The article discusses the possible implications of a tax on cigarettes by the Chinese government in order to curb the rate of smoking in the country. It highlights the alarming rate of smoking amongst Chinese population. It also discusses the high dependence of Chinese tobacco industry on cigarettes as well as government revenue from cigarette industry.

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Adam Smith believed market forces would lead to efficient allocation of resources to maximize social welfare. However, this has not been the case with most economies and producers and consumers have not been taken into account the external costs and benefits that their decisions have on the third party. These negative effects are known as externalities.

The market often fails to achieve efficiency and social costs are not equal to social benefits. In China, an increase in smoking has been caused by a decrease in the costs of cigarettes, with smokers now being able to spend three-percent of their annual income on cigarettes as opposed to 14% only a decade ago. This has been caused by an increase in supply, as China produces 41% of the world’s cigarettes today.

Negative externalities, resulting from cigarette smoking such as lung cancer, asthma, and cancer related diseases impose high costs on the third party.

The article suggests that there are 300 million smokers in China, which is about a third of all the smokers in the world. With approximately 28% Chinese indulging in smoking, China has one of the highest number of smokers than any other modern economies (paragraph 3).

The government plays the parental role and internalize the externalities using several measures. A tax of 11% is simply one of the measures Chinese government has taken. Since PED for cigarette is relatively inelastic; PED<1, even a all time high tax will not deter Chinese people to cut down on their consumption drastically because PED<1 means that the % increase in price leads to a less than proportional fall in quantity demanded. On one hand, Chinese government enjoyed an increase in its revenue through taxation policy by 24% and was successful in discouraging some of the smokers, the relatively inelastic demand was helpful for the policy not to cause much unemployment in tobacco and cigarette industry either.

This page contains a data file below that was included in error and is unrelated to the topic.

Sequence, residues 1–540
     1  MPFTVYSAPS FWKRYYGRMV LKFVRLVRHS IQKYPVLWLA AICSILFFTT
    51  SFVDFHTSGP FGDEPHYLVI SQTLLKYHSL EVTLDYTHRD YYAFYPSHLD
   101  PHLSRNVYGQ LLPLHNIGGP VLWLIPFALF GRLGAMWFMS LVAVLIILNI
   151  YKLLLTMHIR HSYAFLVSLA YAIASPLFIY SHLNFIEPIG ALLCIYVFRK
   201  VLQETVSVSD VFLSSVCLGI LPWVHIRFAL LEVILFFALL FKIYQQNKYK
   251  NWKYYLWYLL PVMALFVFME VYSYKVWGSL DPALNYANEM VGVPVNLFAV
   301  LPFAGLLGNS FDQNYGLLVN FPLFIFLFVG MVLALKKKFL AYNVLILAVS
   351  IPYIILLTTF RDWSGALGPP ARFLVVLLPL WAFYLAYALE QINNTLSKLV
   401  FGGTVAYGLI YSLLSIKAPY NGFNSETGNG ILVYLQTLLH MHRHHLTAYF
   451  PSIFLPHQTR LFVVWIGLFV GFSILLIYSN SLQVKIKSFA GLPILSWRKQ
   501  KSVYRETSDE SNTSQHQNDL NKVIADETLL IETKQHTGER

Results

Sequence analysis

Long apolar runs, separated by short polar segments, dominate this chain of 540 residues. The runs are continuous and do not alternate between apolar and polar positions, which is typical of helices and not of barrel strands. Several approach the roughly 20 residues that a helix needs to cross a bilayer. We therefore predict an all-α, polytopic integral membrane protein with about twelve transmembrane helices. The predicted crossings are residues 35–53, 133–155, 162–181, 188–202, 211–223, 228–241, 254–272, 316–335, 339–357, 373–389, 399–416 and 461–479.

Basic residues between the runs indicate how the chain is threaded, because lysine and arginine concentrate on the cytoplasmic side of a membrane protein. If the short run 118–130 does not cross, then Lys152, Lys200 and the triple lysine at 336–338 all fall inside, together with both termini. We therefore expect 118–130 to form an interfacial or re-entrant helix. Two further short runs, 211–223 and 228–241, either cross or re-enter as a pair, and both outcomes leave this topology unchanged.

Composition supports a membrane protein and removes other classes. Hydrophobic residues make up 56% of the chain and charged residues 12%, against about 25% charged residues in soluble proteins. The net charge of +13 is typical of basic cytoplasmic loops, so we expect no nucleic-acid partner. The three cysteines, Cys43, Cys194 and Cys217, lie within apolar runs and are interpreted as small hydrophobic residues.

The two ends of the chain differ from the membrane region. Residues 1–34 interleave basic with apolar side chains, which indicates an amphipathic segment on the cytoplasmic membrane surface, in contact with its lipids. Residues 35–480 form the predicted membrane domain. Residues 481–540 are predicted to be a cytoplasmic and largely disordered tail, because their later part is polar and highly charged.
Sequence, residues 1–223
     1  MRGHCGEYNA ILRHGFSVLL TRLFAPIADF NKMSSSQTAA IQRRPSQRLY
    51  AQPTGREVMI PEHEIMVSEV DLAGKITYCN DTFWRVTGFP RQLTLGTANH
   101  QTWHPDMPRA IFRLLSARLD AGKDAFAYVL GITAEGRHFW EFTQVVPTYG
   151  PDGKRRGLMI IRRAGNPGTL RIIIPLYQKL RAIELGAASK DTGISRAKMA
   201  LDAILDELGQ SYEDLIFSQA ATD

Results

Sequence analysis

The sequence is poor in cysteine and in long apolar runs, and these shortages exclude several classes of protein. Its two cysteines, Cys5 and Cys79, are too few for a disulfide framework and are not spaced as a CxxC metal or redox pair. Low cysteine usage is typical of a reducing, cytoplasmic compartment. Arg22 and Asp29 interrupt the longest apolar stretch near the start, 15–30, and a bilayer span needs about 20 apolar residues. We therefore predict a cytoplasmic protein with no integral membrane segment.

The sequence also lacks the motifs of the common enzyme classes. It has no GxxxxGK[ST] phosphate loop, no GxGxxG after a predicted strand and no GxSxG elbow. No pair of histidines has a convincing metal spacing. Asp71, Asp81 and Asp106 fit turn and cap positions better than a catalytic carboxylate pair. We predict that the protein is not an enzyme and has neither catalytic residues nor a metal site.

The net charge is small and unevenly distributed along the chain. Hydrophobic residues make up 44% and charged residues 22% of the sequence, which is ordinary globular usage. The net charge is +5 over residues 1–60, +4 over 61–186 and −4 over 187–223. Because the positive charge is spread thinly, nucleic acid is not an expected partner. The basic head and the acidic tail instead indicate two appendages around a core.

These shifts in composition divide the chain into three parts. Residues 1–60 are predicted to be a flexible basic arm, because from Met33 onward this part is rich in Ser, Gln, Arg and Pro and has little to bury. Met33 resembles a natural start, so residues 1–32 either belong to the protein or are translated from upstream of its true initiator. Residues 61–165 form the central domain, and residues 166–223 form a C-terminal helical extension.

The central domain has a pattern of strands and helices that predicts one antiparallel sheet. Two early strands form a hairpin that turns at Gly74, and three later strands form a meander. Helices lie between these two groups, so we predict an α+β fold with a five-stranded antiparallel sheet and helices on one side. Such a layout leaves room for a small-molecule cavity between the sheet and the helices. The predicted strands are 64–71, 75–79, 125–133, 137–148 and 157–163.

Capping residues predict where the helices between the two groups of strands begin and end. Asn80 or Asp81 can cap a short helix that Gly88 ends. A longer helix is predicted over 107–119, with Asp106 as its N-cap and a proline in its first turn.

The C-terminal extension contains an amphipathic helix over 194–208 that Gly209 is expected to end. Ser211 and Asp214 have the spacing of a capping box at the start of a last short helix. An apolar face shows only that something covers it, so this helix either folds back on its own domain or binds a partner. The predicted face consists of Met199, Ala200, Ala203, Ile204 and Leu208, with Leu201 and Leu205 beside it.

The policy of selective tax is vital in controlling market failure. According to economic theory, selective taxes excise are not good since they may destruct individual consumption choice and habit among services and goods in the market. Thus, selective tax excise prevents the efficient allocation of resources allowing China to use selective excise tax in reducing cigarette consumption.

For cigarette tax, determination is purely leaned on the high rate of consumption and negative effects it causes to passive smokers. Therefore, environmental organisations and labour legalisation puts in place sanctions factors on selling of cigarette, due environmental pollution and adverse effects of cigarette-smoking. Cigarette smoking is associated with imposing costs on other users, for example, excessive consumption of tobacco is not only harmful to the health status of the person smoking but also to the passive smoker.

From this discussion, if clear that externalities may cause market failure in the sense that market price of the commodity does not reflect cost of consumption to the addicted victim. Tax is one of the keys determine factor in influencing externalities. The presence of externalities, the marginal social cost, cannot equate marginal private cost. Therefore, consumers of cigarette may decide to smoke less, hence, socially insufficient.

The diagram demonstrates what happens when a cigarette tax is imposed. The supply curve shifts leftward, and demand for cigarettes decreases. Consumers and producers both bear some burden with the higher price, and the government gets a cut. Consumption is cut from the reduction in demand and supply, achieving the societal goal of reducing the dangerous behavior of smoking.

The short-term effect of market failure and tax to any state with its people are many. Foremost, the economy of the country goes down, as the number of smoking reduces thus little tax collection. Secondly, the economy of the addicted users is adversely affected as they adjust to a high price of cigarette because of abnormal taxation imposed.

The positive effects, in this case, include reduction of lung cancer in the country as the number of smokers might drastically go down. Similarly, the tax helps to regulate commodities that are of less value or harmful effect on the market. For instance, smoking is harmful to health, thus, high taxation by government helps to reduce it from the market.

References
  • Guhl, Nils. An Economic Assessment of Proposed Cigarette Excise Tax Hikes in the State of West Virginia. Hamburg: Diploma Verlag GmbH, 2003. Print.
  • Nordrum, Amy. China Raises Cigarette Tax To 11 Percent To Curb High Rate Of Smoking. International Business Times. 2015. Web. Retrieved, February 14, 2016, from http://www.ibtimes.com/china-raises-cigarette-tax-11-percent-curb-high-rate-smoking-1914303